Leading article: Brown wins the conference trick

Share
Related Topics

Three weeks on, where do we stand? Three weeks ago, the Liberal Democrats were assembling in Bournemouth, while the administrator was working over the weekend to pull the plug out of the big socket at Lehman Brothers in Canary Wharf. Three weeks ago, the Prime Minister's hold on office seemed precarious as a minister, a whip and several Labour MPs had resigned from Government posts to demand a leadership election.

How different the landscape looks now. The financial crisis of which Alistair Darling, the Chancellor, tried to warn us in the interview in his croft over the summer, suddenly threatened to overwhelm the US political system. Its effects on the so-called real economy are still muted, but its impact on British politics was dramatic.

This newspaper was the first to detect a "Brown bounce" even before the opening of the Labour conference in Manchester, thanks to a well-timed ComRes poll that found that most people thought the crisis was the wrong time for Labour to think of changing prime minister. That poll also recorded a sharp drop in David Miliband's share price before the Foreign Secretary set foot in Manchester. The stage was set, therefore, for Gordon Brown to raise his game and use the economy to invite the voters to cling to the skirts of his experience for fear of something worse. Which he did, with some help from his wife, who introduced him with affecting sincerity, and from Mr Miliband, who managed to slip on the skin of his own banana.

Despite a little local difficulty over the premature announcement of Ruth Kelly's departure from the Cabinet, Mr Brown did enough in Manchester to rally his party and put his internal critics on the defensive.

That success, and the surprise rejection by the US Congress of the $700bn bailout plan on Monday, presented David Cameron with a more difficult task than he can have expected at the Conservative conference in Birmingham. As a result, Mr Cameron's messages were mixed. On Tuesday, he made a sombre attempt to muscle onto the news bulletins by offering Mr Brown support for which he had no need, while George Osborne, the shadow Chancellor, returned to London to watch the crisis unfolding on the television in his office. Then in his big speech on Wednesday, Mr Cameron suspended his bipartisan approach to blame Mr Brown for having caused the crisis, or, rather, for having made it worse in Britain. And he threw some red meat to traditionalist Conservatives in the hall, going through what Alan Watkins calls today "the Daily Mail bumper fun book of politically correct idiocies by public officials in obscure bodies".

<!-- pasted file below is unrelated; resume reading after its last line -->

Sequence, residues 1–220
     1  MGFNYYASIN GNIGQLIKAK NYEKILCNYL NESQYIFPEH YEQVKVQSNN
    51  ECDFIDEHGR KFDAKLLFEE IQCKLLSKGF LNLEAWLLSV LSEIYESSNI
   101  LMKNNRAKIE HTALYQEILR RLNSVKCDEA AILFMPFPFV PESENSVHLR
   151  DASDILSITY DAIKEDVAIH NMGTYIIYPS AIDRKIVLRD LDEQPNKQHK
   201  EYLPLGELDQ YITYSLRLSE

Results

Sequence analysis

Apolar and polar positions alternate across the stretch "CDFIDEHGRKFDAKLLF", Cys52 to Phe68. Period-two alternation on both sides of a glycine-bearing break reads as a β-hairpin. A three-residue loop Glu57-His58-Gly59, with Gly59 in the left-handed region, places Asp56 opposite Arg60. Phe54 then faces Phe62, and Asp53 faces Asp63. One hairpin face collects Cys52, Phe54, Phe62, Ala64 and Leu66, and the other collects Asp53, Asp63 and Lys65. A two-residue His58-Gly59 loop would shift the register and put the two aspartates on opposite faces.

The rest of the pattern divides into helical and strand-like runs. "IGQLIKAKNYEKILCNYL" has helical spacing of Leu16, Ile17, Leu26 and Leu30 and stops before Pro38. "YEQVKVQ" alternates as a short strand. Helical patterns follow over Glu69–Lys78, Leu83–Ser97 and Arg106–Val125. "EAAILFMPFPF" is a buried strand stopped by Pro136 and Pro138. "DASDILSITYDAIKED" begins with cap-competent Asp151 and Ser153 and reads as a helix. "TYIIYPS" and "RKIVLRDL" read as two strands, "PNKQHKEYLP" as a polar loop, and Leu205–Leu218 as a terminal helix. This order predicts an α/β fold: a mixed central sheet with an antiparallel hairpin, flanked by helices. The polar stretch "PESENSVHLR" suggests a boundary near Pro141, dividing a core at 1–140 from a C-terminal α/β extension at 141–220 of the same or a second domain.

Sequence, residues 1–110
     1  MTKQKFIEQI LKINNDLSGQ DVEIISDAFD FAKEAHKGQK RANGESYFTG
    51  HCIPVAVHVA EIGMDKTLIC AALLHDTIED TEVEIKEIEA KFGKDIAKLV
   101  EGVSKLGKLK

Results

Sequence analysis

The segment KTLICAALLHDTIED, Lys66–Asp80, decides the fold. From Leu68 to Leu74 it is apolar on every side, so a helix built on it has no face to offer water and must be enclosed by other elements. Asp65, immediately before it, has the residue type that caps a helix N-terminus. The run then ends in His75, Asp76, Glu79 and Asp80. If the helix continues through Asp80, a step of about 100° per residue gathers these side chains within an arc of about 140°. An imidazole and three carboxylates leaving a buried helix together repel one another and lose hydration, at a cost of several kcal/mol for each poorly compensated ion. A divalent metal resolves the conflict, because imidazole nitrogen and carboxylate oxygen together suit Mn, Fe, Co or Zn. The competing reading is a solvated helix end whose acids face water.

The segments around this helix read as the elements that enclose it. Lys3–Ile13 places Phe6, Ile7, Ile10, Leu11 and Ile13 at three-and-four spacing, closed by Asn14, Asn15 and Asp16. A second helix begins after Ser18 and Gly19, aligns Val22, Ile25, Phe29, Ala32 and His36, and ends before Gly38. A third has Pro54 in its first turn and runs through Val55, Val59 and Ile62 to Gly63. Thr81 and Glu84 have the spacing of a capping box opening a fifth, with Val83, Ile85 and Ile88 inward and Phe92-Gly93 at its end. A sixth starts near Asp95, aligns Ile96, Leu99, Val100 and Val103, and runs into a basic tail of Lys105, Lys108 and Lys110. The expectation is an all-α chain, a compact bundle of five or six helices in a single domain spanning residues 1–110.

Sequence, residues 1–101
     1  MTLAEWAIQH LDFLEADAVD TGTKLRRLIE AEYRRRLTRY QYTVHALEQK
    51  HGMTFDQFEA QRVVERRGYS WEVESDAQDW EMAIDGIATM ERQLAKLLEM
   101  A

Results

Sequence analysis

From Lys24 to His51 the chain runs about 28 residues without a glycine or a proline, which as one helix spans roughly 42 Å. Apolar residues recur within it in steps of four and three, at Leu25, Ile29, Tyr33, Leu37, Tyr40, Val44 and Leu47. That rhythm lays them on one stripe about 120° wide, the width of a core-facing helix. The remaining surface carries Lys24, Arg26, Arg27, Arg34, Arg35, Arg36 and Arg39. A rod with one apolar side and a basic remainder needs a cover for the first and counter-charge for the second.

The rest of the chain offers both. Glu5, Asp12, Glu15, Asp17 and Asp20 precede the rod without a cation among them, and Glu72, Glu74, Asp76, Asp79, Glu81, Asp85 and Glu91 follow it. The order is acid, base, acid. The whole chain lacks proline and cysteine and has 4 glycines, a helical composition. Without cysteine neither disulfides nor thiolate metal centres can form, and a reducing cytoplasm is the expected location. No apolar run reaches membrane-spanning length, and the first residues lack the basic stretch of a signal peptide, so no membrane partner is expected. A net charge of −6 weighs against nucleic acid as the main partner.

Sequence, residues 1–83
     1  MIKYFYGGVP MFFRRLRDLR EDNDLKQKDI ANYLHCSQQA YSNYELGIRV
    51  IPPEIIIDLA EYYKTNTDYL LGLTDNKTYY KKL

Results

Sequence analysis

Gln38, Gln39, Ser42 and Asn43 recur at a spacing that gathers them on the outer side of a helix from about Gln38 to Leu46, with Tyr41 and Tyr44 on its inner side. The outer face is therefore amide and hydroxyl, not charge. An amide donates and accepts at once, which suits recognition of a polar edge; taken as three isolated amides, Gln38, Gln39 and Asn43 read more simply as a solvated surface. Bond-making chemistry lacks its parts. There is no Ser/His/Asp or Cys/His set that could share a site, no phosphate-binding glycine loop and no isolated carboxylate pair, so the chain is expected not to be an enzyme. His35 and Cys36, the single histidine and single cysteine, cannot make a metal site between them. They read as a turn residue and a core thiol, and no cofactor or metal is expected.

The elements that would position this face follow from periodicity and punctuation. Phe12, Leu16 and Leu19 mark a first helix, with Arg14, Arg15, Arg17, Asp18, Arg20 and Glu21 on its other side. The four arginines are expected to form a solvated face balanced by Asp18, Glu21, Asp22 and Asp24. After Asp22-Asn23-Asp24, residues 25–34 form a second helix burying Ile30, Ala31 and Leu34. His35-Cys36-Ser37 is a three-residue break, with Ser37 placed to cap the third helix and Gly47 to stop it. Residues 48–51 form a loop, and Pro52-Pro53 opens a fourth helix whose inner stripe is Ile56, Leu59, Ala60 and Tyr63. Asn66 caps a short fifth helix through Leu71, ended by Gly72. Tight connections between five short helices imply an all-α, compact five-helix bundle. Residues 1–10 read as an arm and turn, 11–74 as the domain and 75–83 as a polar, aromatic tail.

Mr Cameron's was a plausibly prime ministerial speech, but Mr Brown held the strongest card in the game of conference sequencing. It might be thought unfair that the Conservatives get to go last. Nick Clegg, the Liberal Democrat leader, must certainly think so: he made a good speech at the start of the conference season, but his opinion-poll gain has been washed away like a sandcastle on a beach. In government, however, Mr Brown can trump the Opposition with a reshuffle, and he used it to spring an October surprise. Nobody, not even Peter Mandelson himself, expected him to bring such a long-standing enemy back into the fold.

Whether he needed to do so is a moot point. He had already solidified his position, and Mr Cameron's conference had been overshadowed by the news from the markets. Mr Brown betrayed an unexpected gambler's mentality, going for "double or quits". It will either reinforce Mr Brown's image as a "serious person" pulling together a team of all the talents to handle the economic challenge; or it will throw away all that he has gained in the past three weeks by giving the impression of desperation.

We are inclined to give him the benefit of the doubt. There is something to admire in Mr Brown's determination to defy expectations. The most dangerous idea for him is that the pluralism and openness of his first weeks as Prime Minister was a synthetic phase; that is over now and he cannot change his basic political personality; and that he is therefore doomed to lose the next election. By bringing Mr (soon to be Lord) Mandelson back, he has certainly confounded settled assumptions about his character, as the bearer of grudges and cultivator of favourites.

He recognises, as perhaps some of his critics do not, that the British electorate is hostile to him – although not as hostile as it was three weeks ago – but that it is not yet positively enthusiastic about the prospect of a Cameron government. Say what you like about Mr Brown, he cannot be faulted for trying his utmost to change people's minds.